Thursday, July 31, 2008

Exactly two weeks ago, we told Mayor Adrian Fenty and the D.C. Council that the overbearing emergency legislation regulating gun purchases, registration and ownership they passed would face a lawsuit. The week before, we told them how to possibly avoid litigation. City Hall did not listen. Despite the Supreme Court ruling, the District remains onerous.

A lawsuit was filed Monday by Dick Heller, the very gun-rights advocate who challenged the city’s strict handgun ban that led to the Supreme Court decision. The high court affirmed that citizens do indeed have the individual right to bear arms. In his latest suit, Mr. Heller is contending that the new D.C. regulations are “unreasonable and burdensome” for prospective gunowners. Mr. Heller argues, for example, that the city’s classification that a machine gun is any weapon that shoots more than 12 rounds without reloading makes most semi-automatic pistols off limits and does not conform to the public’s perception of what a machine gun is nor with the definition in any English language dictionary.

But there are other encroachments, including a provision that requires residents to keep their guns unloaded and disassembled in the home or equipped with a trigger lock. Worse is a provision that makes it impossible for residents to even register a newly purchased handgun: “The applicant takes his or her completed application to a licensed firearm dealer to take delivery of the pistol. If the dealer is outside the District, the dealer transports the pistol to a licensed dealer in the District to complete the transaction.”

There are five federally licensed dealers in the District, including the Shakespeare Theatre Inc. Arena Stage and some others, but none are selling or transferring firearms. The facts regarding the how-to of registration are singularly ironic because one of them is anti-gun lobbyist Josh Sugarmann. He is the founder and executive director of the Violence Policy Center, a group dedicated to gun control. But he is neither selling nor transferring firearms. Mr. Sugarmann has devoted much of his life to ending gun violence and defending gun laws. (The policy center has even advocated guns be regulated as a public-health product.)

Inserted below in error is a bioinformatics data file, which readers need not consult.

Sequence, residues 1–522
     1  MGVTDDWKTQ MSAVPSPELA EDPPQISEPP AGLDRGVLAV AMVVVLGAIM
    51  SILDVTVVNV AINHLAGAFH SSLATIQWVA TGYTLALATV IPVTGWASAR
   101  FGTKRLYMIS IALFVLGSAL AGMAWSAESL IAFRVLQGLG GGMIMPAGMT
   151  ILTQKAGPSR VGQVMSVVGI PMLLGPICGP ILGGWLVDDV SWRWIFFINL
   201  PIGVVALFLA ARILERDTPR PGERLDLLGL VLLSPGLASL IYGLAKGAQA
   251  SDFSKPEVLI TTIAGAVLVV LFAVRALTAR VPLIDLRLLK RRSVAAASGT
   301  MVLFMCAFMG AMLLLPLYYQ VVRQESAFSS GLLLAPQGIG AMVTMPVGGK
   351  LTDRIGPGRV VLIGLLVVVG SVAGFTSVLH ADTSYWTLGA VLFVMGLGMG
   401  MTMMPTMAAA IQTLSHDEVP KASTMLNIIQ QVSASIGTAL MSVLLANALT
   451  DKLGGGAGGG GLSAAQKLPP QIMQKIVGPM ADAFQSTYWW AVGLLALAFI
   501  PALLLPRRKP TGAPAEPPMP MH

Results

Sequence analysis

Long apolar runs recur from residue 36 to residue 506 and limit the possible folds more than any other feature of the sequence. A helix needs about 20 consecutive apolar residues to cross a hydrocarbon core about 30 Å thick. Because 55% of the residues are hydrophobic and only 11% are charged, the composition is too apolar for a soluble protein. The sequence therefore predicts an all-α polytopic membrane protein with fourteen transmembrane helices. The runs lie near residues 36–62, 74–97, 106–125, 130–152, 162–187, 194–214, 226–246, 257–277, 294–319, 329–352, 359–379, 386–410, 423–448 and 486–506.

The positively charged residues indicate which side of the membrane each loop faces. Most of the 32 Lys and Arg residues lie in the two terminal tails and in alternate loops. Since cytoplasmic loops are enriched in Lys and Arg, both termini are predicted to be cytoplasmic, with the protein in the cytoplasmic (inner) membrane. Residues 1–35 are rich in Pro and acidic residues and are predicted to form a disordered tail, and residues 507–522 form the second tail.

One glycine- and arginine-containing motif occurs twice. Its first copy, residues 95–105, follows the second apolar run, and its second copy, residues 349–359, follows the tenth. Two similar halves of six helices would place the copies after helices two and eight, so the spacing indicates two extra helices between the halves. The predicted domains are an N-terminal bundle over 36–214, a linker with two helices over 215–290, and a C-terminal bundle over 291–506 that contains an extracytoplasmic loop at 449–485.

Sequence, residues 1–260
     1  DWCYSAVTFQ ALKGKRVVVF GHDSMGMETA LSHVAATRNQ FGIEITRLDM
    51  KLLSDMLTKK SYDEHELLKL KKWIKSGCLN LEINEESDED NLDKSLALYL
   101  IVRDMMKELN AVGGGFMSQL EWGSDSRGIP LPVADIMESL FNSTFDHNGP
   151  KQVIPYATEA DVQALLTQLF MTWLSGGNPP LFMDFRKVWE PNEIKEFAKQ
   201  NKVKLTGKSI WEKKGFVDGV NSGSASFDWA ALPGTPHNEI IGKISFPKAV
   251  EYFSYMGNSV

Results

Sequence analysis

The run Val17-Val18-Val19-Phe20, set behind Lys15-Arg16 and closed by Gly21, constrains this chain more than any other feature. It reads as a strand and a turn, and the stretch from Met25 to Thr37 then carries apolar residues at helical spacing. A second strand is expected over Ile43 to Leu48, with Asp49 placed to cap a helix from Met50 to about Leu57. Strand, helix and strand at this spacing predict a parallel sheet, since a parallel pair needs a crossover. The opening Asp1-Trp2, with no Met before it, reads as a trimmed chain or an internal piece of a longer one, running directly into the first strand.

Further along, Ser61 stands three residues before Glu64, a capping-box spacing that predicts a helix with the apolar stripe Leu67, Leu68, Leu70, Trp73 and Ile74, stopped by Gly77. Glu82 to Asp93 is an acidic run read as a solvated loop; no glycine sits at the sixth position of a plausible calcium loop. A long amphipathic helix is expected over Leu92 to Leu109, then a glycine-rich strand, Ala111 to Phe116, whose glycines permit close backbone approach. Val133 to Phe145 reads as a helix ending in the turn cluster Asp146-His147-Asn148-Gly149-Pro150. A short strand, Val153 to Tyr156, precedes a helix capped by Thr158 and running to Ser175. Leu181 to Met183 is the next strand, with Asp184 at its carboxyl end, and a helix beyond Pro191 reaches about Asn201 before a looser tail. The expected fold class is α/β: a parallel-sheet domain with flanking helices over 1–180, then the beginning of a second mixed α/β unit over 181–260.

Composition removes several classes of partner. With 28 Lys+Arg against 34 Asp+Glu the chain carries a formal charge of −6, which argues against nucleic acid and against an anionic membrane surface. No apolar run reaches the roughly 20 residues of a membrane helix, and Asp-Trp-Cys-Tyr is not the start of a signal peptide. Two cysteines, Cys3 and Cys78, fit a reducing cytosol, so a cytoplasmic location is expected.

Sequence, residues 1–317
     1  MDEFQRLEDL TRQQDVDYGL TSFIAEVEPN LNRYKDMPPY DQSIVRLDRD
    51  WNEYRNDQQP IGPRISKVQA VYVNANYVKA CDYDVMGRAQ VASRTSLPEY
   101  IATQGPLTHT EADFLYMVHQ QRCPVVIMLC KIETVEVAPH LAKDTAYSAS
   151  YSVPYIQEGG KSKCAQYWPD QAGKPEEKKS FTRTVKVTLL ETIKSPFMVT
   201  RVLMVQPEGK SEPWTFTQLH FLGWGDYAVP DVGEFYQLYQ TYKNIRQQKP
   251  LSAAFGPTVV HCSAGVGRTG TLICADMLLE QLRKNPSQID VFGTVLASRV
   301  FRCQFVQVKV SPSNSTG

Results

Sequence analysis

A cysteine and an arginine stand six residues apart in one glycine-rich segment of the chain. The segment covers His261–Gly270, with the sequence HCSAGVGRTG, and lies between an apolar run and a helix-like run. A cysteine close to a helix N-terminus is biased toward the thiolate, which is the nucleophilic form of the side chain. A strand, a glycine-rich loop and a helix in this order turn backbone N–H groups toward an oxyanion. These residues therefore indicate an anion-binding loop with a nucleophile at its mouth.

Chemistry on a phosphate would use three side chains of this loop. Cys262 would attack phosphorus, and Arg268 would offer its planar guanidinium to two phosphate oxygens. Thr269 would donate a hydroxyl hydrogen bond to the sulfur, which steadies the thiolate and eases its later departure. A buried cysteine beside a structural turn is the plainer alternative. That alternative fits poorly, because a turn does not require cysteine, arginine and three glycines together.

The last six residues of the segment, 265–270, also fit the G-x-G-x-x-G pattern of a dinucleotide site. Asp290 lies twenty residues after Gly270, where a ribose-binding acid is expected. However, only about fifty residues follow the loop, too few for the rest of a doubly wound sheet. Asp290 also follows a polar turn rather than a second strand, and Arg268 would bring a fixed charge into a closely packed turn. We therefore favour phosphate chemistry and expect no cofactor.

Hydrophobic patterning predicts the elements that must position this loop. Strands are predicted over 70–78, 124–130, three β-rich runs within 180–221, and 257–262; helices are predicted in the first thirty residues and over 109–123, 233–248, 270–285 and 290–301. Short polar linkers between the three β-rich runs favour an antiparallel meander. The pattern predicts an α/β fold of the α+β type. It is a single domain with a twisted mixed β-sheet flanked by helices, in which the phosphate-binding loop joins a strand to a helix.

That D.C. residents have no D.C. option when it comes to purchasing and registering firearms is unacceptable and turns any measure of common sense and reasonableness on its head.

City Hall could easily spare the Violence Policy Center and the Shakespeare Theatre the hardship by striking the provision when it returns from summer recess. But that is as likely as Mayor Adrian Fenty testing the onerousness of his own bureaucracy and anti-gun logic by trying to buy and register a handgun. Indeed, the mayor is seemingly refusing to yield even to the Supreme Court when it comes to handgun rights. Mr. Fenty’s response to the second lawsuit filed by Mr. Heller sounds as if the mayor was not even aware that the court had ruled in Mr. Heller’s favor: “The Office of the Attorney General will vigorously defend the District’s laws as reasonable regulations of firearms, and as the lawful action of the people’s representatives, the Mayor and the Council.”

The issue is not whether City Hall “will vigorously defend” the city’s statutes. The issue is twofold: 1) why City Hall refuses to obey the Supreme Court; 2) and why City Hall is becoming so litigious. The coolest of heads are needed when litigation involves the Constitution.

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